Let us construct holomorphic functions $a$ and ${a}_{D}$ satisfying these monodromies explicitly. Note that a holomorphic function is uniquely determined by its singularities. Therefore, if we ﬁnd a candidate with the correct properties around the singularities and at inﬁnity of its domain of deﬁnition, it is necessarily the correct answer itself, assuming that we identiﬁed the singularities correctly. Therefore, it suﬃces to construct a candidate and then check that it satisﬁes the conditions.

We ﬁrst introduce two auxiliary complex variables $x$ and $z$, and then we consider an equation

$$\Sigma :\phantom{\rule{1em}{0ex}}{\Lambda}^{2}z+\frac{{\Lambda}^{2}}{z}={x}^{2}-u.$$ | (4.3.1) |

We consider this equation as deﬁning a complex one-dimensional subspace of a complex two-dimensional
space of $x$ and
$z$.^{7}
As the equation changes as we change $u$,
the shape of this subspace also changes. This complex one-dimensional object is called the
Seiberg-Witten curve.^{8}
A diﬀerential

$$\lambda =x\frac{dz}{z},$$ | (4.3.2) |

called the Seiberg-Witten diﬀerential, plays an important role
later.^{9}

The space parametrized by $z$ is important in itself. We add the point at $z=\infty $ to the complex plane of $z$, or equivalently, we regard $z$ to be the complex coordinate of a sphere. We denote this sphere by $C$, and call it the ultraviolet curve of this system. The variable $x$ as a function of $z$ has four square-root branch points, see Fig. 4.6.

Then the curve $\Sigma $ is a two-sheeted cover of $C$,

$$\Sigma \stackrel{2:1}{\to}C,$$ | (4.3.3) |

see Fig. 4.7. We then draw two one-dimensional cycles $A$, $B$ on the curves as shown in the ﬁgures, and we declare that

$$a=\frac{1}{2\pi i}{\oint}_{A}\lambda ,\phantom{\rule{2em}{0ex}}{a}_{D}=\frac{1}{2\pi i}{\oint}_{B}\lambda .$$ | (4.3.4) |

Let us check that the functions $a\left(u\right)$ and ${a}_{D}\left(u\right)$ thus deﬁned satisfy physically expected properties. First, let us compute $\tau \left(a\right)$:

$$\tau \left(a\right)=\frac{\partial {a}_{D}}{\partial a}=\frac{\partial {a}_{D}\u2215\partial u}{\partial a\u2215\partial u}.$$ | (4.3.5) |

The $u$ derivatives can be computed in the following way:

$$\begin{array}{lll}\hfill \frac{\partial a}{\partial u}& ={\int}_{A}\frac{\partial}{\partial u}\lambda ={\int}_{A}\frac{dz}{xz}\phantom{\rule{2em}{0ex}}& \hfill \text{(4.3.6)}\\ \hfill \frac{\partial {a}_{D}}{\partial u}& ={\int}_{B}\frac{\partial}{\partial u}\lambda ={\int}_{B}\frac{dz}{xz}\phantom{\rule{2em}{0ex}}& \hfill \text{(4.3.7)}\end{array}$$where the $u$ derivative within the integral is taken at ﬁxed $z$. The diﬀerential $\omega =dz\u2215\left(xz\right)$ is ﬁnite on $\Sigma $, even at apparently dangerous points $z=0$, $z=\infty $ or at $x=0$. For example, when $x=0$, $z\sim c+{c}^{\prime}{x}^{2}$ for some constants $c$ and ${c}^{\prime}$. Then $dz\u2215\left(xz\right)\sim \left(2{c}^{\prime}\u2215c\right)dx$.

Given an open path on the curve $\Sigma $ from a ﬁxed point ${P}_{0}$, we ﬁnd a map from the endpoint of the path to another complex plane

$$t={\int}_{{P}_{0}}^{P}\omega .$$ | (4.3.8) |

As shown in Fig. 4.8, the curve $\Sigma $ is mapped to a parallelogram in the complex plane, bounded by the lines which are the images of the cycles $A$ and $B$. Now, any holomorphic mapping such as (4.3.8) preserves the angles. Therefore, the image of the cycle $B$ is always to the left of the image of the cycle $A$. Then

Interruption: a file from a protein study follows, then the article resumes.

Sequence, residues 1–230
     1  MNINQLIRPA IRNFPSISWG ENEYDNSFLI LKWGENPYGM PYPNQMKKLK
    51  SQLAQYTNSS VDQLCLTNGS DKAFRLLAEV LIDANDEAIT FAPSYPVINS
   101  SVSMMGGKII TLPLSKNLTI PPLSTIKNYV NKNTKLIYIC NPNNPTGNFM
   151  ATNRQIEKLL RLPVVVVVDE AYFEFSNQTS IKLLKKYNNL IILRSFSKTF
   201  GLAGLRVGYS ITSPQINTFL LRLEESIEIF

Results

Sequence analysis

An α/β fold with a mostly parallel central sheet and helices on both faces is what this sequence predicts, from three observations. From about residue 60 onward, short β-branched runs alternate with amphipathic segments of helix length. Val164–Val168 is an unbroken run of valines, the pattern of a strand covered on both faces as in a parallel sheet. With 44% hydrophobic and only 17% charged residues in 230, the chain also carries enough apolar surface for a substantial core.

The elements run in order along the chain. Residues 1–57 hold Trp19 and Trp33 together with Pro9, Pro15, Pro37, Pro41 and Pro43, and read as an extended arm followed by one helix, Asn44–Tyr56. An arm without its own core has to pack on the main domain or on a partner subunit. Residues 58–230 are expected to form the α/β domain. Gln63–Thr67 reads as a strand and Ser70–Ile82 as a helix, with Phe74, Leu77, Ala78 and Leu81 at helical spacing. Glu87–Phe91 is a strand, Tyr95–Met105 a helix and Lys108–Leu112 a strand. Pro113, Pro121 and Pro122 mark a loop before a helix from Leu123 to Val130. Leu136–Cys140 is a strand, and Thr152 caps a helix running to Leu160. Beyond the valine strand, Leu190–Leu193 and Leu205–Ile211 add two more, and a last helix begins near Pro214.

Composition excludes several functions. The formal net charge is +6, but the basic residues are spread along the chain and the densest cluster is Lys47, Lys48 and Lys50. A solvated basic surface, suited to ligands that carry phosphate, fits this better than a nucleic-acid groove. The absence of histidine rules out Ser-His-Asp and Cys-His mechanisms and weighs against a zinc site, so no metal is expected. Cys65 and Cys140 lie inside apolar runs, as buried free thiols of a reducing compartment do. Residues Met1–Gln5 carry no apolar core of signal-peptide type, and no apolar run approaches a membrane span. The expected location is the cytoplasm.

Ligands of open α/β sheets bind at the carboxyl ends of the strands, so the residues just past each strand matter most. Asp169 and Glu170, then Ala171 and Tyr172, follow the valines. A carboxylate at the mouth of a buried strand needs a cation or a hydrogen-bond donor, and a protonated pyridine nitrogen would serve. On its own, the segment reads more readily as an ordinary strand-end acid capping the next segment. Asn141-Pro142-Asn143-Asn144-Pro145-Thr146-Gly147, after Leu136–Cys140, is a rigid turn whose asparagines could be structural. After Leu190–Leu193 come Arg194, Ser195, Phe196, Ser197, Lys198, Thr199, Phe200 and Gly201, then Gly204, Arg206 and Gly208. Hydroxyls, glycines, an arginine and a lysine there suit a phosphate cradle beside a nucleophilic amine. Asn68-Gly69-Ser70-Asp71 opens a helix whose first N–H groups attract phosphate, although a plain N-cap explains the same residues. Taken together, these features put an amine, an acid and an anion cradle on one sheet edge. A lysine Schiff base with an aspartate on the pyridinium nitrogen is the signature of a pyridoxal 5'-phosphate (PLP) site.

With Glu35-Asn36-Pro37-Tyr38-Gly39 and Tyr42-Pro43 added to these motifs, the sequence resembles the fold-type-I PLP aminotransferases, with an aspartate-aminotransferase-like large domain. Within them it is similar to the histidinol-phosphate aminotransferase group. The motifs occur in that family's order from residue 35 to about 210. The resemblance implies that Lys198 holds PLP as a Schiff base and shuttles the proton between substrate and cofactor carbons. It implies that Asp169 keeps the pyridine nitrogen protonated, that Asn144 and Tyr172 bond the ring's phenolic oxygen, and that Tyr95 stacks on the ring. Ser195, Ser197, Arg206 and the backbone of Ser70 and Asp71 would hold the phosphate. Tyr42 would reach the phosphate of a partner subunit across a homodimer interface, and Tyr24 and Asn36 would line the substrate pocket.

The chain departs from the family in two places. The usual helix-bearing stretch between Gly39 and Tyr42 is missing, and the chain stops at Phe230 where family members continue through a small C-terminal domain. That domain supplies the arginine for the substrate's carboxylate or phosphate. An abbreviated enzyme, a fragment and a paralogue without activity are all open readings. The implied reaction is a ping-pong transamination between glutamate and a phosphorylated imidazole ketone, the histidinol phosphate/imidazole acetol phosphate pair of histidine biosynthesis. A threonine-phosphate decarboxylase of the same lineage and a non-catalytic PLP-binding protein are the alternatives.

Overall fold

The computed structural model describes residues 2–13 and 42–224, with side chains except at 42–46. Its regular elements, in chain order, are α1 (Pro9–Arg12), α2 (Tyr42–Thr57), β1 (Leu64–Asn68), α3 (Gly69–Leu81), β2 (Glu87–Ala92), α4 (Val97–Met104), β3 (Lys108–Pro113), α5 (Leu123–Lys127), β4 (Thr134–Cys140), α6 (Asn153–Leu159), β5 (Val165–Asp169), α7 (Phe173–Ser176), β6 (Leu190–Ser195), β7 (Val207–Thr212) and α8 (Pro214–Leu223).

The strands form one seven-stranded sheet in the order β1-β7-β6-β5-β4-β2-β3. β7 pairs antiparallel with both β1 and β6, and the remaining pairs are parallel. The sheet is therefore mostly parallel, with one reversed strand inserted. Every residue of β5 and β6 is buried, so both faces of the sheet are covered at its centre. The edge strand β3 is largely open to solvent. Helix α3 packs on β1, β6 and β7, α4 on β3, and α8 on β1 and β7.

$$\tau \left(a\right)=\frac{\partial {a}_{D}\u2215\partial u}{\partial a\u2215\partial u}=\frac{{\int}_{B}dz\u2215\left(xz\right)}{{\int}_{A}dz\u2215\left(xz\right)}$$ | (4.3.9) |

takes the values to the left of the real axis, and therefore

$$Im\tau \left(a\right)>0,$$ | (4.3.10) |

which guarantees that the coupling squared ${g}^{2}\left(a\right)$ is always positive. This complex number $\tau \left(a\right)$ is called the period or the complex structure of the torus.

Let us check the curve (4.3.1) reproduces the monodromy we determined from physical considerations. Write the curve $\Sigma $ as

$$z+\frac{1}{z}=\frac{{x}^{2}}{{\Lambda}^{2}}-\frac{u}{{\Lambda}^{2}}.$$ | (4.3.11) |

From this we see that when $\left|u\right|\gg {\Lambda}^{2}$, we ﬁnd two branch points ${z}_{\pm}$ of the function $x\left(z\right)$ around

$${z}_{+}\sim -u\u2215{\Lambda}^{2},\phantom{\rule{2em}{0ex}}{z}_{-}\sim -{\Lambda}^{2}\u2215u.$$ | (4.3.12) |

We also have branch points at $z=0$ and $z=\infty $, and we take the branch cuts to run from $z=0$ to $z={z}_{-}$, and from $z={z}_{+}$ to $z=\infty $.

We put the $A$-cycle at $\left|z\right|=1$. Then the integral over it is very easy: $x\simeq \sqrt{u}$ around $\left|z\right|=1$, and therefore

$$a=\frac{1}{2\pi i}\oint x\frac{dz}{z}\simeq \sqrt{u}.$$ | (4.3.13) |

As for the $B$-cycle integral, the dominant contribution comes when the variable $z$ is not very close to the branch points. The variable $x$ can be again approximated by $\sqrt{u}\simeq a$, and therefore

$${a}_{D}=\frac{2}{2\pi i}{\int}_{{z}_{+}}^{{z}_{-}}x\frac{dz}{z}\simeq \frac{2\cdot 2}{2\pi i}{\int}_{u\u2215{\Lambda}^{2}}^{1}a\frac{dz}{z}\simeq -\frac{8a}{2\pi i}log\frac{a}{\Lambda}.$$ | (4.3.14) |

From these two equations we ﬁnd that $a$ and ${a}_{D}$ deﬁned via the curve $\Sigma $ have the correct monodromy around $u\sim \infty $,

$${M}_{\infty}=\left(\begin{array}{cc}\hfill -1\hfill & \hfill 4\hfill \\ \hfill 0\hfill & \hfill -1\hfill \end{array}\right).$$ | (4.3.15) |